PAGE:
The cloud was once seen as the epitome of mobile storage solution, especially for businesses. However, many people have shied about from the service because of ongoing security concerns. A new solution known as the hybrid cloud could help ease those fears while also providing a convenient storage solution.
The regular cloud uses the internet to share information across a network. Information is saved to physical servers maintained by public cloud service providers, and then users can access the data via the internet from essentially anywhere in the world.
The biggest advantage of the regular cloud is that it makes enterprise-quality technology available to small businesses at an affordable price. There’s also the often-touted benefit of being able to quickly recover data, which can be incredibly useful in case of emergency. If a piece of hardware crashes, companies can simply access the informations saved to the cloud instead of spending thousands of dollars in recovery services. Using the cloud also increases workplace flexibility and collaboration because it allows employees to work together on documents no matter where they are in the world by easily syncing their apps and programs together. The cloud is also environmentally friendly and can cut an organization’s carbon emissions by up to 30%, which is good for the planet and the budget.
The biggest downside to the regular cloud is security issues. Public cloud services, which tend to be much less expensive and more accessible for small businesses, can’t ensure that the information is secure. The data is essentially floating around for anyone savvy enough to find and access, which can be a concern for companies that use sensitive data. There’s also a need to be constantly connected to the internet. Companies that have don’t have a reliable internet service can find their data being interrupted; if everything is on the cloud, not having internet access can completely shut down a company.
The hybrid cloud combines public and private cloud platforms to create a cohesive tech solution. The public and private cloud infrastructures run independently from each other and use an encrypted connection to communicate, providing users with data portability. With the hybrid cloud, organizations get the best of both worlds: they can store more secure information on the private cloud and still leverage the open resources of the public cloud. Essentially, it allows organizations to take advantage of the benefits of the public cloud without risking their data being stolen or left unsecured. Hybrid clouds are becoming increasingly common in the financial world, as well as in healthcare and legal organizations.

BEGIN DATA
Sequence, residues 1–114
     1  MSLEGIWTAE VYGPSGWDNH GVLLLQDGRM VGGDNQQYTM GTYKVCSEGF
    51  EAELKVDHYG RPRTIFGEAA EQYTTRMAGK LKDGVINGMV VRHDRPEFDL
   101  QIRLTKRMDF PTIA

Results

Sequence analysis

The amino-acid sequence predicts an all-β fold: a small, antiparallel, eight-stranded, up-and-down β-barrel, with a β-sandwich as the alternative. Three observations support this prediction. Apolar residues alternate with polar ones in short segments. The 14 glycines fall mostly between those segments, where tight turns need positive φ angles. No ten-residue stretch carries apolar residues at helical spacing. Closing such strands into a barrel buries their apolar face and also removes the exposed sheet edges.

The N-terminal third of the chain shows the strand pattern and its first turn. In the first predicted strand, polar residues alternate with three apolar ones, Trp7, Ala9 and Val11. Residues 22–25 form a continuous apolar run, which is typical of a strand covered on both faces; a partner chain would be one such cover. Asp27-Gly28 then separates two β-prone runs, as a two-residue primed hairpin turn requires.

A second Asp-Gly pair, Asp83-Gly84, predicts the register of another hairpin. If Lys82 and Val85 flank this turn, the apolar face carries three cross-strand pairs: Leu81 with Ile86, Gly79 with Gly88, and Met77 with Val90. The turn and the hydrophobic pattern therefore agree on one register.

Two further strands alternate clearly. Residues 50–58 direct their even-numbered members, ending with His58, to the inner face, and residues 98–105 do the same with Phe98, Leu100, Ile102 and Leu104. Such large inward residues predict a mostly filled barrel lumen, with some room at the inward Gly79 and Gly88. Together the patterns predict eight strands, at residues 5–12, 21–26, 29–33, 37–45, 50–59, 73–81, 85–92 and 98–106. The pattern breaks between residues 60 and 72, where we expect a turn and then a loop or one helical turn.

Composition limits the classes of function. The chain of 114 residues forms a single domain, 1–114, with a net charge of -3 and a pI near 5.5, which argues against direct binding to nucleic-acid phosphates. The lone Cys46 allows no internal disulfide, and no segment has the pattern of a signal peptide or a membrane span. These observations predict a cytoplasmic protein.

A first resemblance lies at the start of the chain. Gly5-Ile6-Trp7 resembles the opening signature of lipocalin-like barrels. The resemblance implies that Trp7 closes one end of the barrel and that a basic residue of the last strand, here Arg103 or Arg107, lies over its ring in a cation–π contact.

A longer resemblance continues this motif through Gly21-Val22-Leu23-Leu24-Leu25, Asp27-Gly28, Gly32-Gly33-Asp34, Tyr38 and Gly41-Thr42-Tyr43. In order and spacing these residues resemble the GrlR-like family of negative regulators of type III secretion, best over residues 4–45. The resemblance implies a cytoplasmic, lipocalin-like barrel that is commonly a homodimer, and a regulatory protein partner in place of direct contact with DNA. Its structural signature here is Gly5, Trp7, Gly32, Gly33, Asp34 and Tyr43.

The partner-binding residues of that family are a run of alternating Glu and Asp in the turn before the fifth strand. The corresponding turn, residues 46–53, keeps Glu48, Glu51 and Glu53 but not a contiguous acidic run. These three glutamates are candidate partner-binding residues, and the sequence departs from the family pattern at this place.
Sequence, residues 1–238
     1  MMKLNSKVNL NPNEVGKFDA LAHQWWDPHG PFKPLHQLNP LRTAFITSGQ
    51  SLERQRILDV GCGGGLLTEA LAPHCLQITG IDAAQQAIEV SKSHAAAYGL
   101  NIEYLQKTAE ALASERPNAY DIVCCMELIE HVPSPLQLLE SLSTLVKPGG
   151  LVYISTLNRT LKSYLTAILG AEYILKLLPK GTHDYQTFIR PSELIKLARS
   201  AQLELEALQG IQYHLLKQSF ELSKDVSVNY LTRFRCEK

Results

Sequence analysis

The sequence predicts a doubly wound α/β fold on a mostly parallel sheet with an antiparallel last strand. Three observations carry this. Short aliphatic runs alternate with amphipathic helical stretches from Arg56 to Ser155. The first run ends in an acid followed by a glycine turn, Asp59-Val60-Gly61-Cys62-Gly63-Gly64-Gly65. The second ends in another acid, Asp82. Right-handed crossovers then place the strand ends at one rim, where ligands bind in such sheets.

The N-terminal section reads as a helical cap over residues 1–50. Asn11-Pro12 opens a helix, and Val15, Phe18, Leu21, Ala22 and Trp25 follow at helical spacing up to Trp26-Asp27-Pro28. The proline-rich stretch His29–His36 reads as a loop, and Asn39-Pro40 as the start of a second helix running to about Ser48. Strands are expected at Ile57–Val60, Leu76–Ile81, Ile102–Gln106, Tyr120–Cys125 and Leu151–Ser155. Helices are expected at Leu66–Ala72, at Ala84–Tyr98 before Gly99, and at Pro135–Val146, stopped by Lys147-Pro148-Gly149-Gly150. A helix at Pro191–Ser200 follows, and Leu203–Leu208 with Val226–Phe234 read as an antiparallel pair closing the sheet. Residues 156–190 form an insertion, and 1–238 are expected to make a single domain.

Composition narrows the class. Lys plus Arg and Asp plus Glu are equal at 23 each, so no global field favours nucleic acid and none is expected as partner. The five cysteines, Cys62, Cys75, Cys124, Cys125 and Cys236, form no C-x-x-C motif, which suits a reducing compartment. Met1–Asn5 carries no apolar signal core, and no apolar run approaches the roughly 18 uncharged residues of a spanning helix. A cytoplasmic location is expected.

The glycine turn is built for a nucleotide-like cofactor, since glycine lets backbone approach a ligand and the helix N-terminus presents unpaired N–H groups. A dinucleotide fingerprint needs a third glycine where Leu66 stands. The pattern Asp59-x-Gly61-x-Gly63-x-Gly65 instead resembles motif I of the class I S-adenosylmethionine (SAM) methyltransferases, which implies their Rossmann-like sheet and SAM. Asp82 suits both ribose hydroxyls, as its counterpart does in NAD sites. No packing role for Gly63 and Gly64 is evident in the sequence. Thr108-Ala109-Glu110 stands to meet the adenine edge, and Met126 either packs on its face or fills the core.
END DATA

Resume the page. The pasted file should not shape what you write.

The most obvious advantage of the hybrid cloud is that it doesn’t force companies to use unsecured, public cloud services. There’s also the added benefit of being able to tap into the public cloud in case the workload exceeds the private cloud’s capacity, making it easier to facilitate workplace collaboration and communication. With hybrid cloud solutions, companies can’t be slowed down or limited by speed or data storage limits. The hybrid cloud is also more personalized—instead of a one-size-fits-all cloud service, organizations can set their own limits and make decisions based on what is best for their company, meaning they only pay for the resources and features they need and use. This is particularly useful for companies that have seasonally busy times where they might go over their normal data limits; instead of building new infrastructure, they can simply rely more on the public cloud during those times.
However, that isn’t to say that the hybrid cloud is a perfect solution for every company. The initial cost of installing private servers can be very high. Although it has the benefit of using a private service, the information can still be transported across a public cloud platform, meaning there is still a security risk involved. The hybrid cloud can also be slowed by a delay in transporting data through the public cloud, meaning that if information is needed on both ends of the cloud in a timely manner, companies could run into issues.
The hybrid cloud opens new doors to data storage, but it might not be a perfect solution for every company. Consider the advantages and disadvantages when making your storage decision.